The shadow of a rotating, suspended object is cast twice onto a wall, appearing within two circular projections, one yellow and one purple. A projector shines a focused, circular beam of light through an angled pane of yellow colour-effect filter glass and onto a mirror behind it; the beam reflects off both the filter glass and the mirror, creating two separate projections on the opposite wall. Because of the properties of the filter glass, the light reflected off of the glass’s surface appears as a purple circle, while the reflection from the mirror appears as a yellow circle, to the right of and slightly larger than its purple partner.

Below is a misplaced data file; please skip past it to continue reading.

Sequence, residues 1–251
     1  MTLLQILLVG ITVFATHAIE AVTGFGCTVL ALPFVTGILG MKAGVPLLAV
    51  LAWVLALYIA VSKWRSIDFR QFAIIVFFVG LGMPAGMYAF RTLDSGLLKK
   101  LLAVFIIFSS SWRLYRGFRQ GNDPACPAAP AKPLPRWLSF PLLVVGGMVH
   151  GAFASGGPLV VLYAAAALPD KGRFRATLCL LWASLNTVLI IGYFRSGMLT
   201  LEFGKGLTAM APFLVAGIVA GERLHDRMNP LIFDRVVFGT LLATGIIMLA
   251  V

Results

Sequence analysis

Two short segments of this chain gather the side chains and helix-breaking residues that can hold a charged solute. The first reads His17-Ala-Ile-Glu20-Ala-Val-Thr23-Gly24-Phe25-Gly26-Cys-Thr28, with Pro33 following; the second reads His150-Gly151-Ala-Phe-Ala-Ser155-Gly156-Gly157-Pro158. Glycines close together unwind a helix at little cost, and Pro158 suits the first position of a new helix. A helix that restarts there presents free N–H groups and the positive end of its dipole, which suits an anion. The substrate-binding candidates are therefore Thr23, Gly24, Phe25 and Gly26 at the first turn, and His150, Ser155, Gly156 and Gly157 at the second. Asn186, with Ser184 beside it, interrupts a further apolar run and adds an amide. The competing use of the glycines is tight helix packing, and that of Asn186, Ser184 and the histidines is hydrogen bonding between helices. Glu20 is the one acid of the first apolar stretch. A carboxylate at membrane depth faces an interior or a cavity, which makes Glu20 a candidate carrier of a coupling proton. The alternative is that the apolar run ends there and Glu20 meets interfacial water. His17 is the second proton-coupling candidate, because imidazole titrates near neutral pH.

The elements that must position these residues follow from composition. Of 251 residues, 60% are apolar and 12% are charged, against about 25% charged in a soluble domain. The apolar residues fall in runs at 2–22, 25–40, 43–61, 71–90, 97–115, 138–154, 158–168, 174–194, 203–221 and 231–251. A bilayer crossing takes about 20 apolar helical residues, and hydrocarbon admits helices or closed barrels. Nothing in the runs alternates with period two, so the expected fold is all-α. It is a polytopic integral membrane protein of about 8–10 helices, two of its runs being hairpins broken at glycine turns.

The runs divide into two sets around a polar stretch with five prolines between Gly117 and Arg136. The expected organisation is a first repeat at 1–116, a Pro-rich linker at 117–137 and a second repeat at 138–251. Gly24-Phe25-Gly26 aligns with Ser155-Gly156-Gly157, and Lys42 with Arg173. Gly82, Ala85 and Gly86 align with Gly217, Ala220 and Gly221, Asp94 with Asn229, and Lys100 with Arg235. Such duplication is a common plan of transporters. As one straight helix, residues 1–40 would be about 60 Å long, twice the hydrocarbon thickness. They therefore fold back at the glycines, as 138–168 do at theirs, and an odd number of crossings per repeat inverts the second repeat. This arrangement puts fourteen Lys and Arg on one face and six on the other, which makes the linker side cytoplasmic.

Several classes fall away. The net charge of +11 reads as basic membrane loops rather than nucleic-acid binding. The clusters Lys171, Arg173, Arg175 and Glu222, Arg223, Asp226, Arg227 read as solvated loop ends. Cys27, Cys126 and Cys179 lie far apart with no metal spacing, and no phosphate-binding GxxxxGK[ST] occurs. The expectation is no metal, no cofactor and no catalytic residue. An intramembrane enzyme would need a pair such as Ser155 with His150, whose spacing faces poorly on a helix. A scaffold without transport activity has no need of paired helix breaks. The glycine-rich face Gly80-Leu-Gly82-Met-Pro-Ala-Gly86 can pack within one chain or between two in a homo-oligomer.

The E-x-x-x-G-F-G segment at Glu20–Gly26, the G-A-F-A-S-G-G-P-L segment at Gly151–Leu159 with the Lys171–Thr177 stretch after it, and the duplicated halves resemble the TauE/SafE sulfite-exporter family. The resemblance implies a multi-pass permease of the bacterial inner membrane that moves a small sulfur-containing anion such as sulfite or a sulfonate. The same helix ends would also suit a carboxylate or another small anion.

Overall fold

Both circular reflections are interrupted by a rotating, bent steel loop that hangs in their paths, producing a constantly morphing shadow in the centre of each projection. Because the angles of the two projections differ, the two shadows vary slightly. As the shadows rotate, the viewer’s eye interprets the shadow in the yellow circle to be lagging just behind its partner shadow in the purple circle, although the same loop casts both shadows.